Justin Logan, director of foreign policy studies at the Cato Institute, notes the gap between public opinion and U.S. foreign policy at the National Interest blog:
It’s a bit striking how different public opinion and elite opinion are regarding U.S. foreign policy. One useful juxtaposition I’ve found is using National Journal’s “national security insiders” polls and contrasting them with polls of the public. Two recent examples:
– In a June “insiders” poll, 57 percent of the experts said that President Obama should remove a “modest” number—“5,000 or fewer”—of troops from Afghanistan this summer. A March poll from the Washington Post/ABC News indicated that 73 percent of the public favored “substantial” withdrawals this summer.
– In the new insiders poll, 70 percent of experts favor keeping troops in Iraq beyond the deadline in President Bush’s SOFA agreement with that country. (It’s not clear exactly how they would have us do so, considering Iraqi politics.) Contrast that with a poll from Gallup last August that asked the more leading question whether Washington should “keep its troops in Iraq beyond 2011 if Iraqi security forces are unable to contain insurgent attacks and maintain order in Iraq.” The answer to that question, according to the public, was 53 percent “leave regardless,” 43 percent “stay if Iraqis cannot maintain order.”
When Benjamin Page and Marshall Bouton asked members of the Washington foreign-policy elite what the public thought about 11 international political questions, the elites only gave the correct answer on two of the 11 issues.
He’s quite right to point this out. I was reminded of this 2005 study from American Political Science Review (PDF) which assessed multivariate foreign policy preferences and their influence on actual policy, considering business, elite opinion, labor, and the general public. It found that business interests along with elite opinion within the foreign policy establishment basically dictate foreign policy.
The strongest and most consistent results are the coefficients for business, which suggest that internationally oriented business corporations are strongly influential in U.S. foreign policy…Business people (along with experts) are estimated to exert the strongest effects on policy makers overall and, especially, on administration officials…
And as for the public, the researchers favored their models to account for possible miscalculations in their models’ emphasis in popular opinion:
Even with these reduced and refined models, the public does not appear to exert substantial consistent influence on the makers of foreign policy…A more plausible interpretation of these borderline-signifcant coefficients, however, is that the public simply has no effect at all…In short, in spite of generous model specifications, the effect of public opinion on the preferences of foreign policy makers appears to be to be – at best – modest when critical competing variables are controlled for. In general, public opinion takes a back seat to business and experts.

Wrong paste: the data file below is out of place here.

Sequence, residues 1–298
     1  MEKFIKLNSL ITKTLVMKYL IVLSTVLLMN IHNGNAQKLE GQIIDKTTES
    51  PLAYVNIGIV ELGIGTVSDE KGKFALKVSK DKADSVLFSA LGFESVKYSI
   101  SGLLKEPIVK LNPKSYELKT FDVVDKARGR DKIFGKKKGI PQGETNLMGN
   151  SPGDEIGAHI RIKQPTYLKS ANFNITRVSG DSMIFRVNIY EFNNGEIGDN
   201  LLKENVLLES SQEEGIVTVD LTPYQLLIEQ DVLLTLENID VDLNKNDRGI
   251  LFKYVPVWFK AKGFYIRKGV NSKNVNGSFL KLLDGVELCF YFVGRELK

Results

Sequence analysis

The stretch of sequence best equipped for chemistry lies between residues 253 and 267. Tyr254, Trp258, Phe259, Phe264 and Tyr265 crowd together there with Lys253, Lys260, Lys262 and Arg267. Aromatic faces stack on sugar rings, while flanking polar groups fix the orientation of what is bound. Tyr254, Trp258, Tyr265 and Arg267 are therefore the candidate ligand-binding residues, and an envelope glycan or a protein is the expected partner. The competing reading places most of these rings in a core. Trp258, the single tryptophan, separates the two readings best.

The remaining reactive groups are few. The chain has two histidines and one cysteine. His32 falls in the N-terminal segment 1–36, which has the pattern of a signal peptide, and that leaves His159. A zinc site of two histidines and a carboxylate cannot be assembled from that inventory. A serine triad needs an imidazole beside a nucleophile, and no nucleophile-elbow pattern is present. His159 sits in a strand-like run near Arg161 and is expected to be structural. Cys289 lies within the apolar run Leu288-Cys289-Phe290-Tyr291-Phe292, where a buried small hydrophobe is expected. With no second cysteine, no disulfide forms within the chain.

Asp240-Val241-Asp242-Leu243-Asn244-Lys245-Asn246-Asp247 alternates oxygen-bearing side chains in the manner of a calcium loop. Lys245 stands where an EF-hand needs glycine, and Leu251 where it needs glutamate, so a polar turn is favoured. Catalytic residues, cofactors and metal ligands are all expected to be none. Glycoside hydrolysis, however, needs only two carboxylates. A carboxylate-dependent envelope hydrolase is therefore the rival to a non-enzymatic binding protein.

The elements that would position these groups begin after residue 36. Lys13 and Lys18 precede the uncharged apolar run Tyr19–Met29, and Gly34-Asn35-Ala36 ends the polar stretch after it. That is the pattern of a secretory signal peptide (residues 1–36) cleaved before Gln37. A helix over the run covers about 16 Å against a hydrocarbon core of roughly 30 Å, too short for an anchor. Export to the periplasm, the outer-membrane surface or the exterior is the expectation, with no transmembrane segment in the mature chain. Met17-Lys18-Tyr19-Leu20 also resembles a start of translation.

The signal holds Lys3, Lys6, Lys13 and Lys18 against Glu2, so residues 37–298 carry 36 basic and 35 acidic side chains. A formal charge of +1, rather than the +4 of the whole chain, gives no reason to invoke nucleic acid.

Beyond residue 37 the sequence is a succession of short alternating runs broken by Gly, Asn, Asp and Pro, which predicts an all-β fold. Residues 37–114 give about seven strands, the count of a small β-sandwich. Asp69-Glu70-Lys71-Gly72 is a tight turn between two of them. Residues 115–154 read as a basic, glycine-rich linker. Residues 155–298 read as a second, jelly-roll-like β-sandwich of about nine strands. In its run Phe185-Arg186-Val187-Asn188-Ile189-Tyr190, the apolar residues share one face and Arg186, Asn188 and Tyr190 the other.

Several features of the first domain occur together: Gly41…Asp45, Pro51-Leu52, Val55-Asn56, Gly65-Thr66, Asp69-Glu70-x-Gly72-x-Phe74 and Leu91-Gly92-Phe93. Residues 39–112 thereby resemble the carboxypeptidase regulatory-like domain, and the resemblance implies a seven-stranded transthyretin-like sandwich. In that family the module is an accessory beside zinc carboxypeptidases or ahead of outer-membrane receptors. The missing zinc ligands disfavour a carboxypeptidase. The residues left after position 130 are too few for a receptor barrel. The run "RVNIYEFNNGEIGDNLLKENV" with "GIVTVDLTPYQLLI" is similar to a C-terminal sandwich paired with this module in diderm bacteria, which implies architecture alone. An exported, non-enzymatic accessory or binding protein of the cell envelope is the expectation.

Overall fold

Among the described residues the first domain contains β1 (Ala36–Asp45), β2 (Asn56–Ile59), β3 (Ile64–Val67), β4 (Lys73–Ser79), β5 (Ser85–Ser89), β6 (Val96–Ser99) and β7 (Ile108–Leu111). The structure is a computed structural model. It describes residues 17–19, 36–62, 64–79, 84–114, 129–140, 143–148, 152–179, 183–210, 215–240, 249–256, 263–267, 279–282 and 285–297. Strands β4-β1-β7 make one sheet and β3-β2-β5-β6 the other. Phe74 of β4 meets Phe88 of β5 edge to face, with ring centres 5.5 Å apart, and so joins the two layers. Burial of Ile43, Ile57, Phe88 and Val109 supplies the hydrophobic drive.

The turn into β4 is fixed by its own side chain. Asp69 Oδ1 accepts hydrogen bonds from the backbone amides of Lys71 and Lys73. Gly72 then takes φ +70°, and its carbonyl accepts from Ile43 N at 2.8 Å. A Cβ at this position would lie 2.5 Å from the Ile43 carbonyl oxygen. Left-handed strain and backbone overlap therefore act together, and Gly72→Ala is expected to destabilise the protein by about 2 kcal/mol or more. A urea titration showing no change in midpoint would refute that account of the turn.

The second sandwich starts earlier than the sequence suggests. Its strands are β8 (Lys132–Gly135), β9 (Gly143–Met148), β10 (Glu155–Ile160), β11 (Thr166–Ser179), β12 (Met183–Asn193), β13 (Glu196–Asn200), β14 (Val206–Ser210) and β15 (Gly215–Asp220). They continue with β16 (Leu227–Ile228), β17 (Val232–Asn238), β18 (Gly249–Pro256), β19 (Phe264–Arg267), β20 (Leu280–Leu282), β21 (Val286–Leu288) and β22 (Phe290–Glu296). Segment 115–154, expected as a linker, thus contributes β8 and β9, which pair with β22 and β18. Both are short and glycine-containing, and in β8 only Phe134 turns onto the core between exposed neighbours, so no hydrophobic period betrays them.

Even accounting for the overwhelming evidence that the public is disregarded when constructing foreign policy in this supposedly democratic state, we should keep in mind the vigorous indoctrination the public goes through as a result of the media, which also primarily reflects business and elite opinion. The public are more dovish, as Logan evidences, but once the general hawkishness of even supposedly left-wing media is accounted for, the public would likely have even more anti-interventionist stances.
Note also Senator Obama’s spirited campaign rhetoric against corporate control over government policy and even President Obama’s railing against the influence of special interests in our democracy, reminding us all along the way that his predecessor’s policies were overly aligned with these business elites. He then gave 80 percent of his top campaign donors senior positions in government and doubled down on all of Bush’s foreign policies (and ramped up a few new ones). Unfortunately, this fooled far too many people, only some of whom now admit their gullible folly.
Addendum: Let it be said that the falling for Obama’s lies is not nearly the most prominent obstruction in the way of changing corporate control over foreign policy or any other policy. The more fundamental “gullible folly” is the constant belief that any particular candidate can change this aspect of our government as opposed to rethinking the government’s relationship with corporations towards one of separation. If we have an antiwar movement that wants less business influence in constructing foreign policy, yet continues to support active integration of the public sector and the private, we have little hope of overcoming this systemic feature of our “democracy.”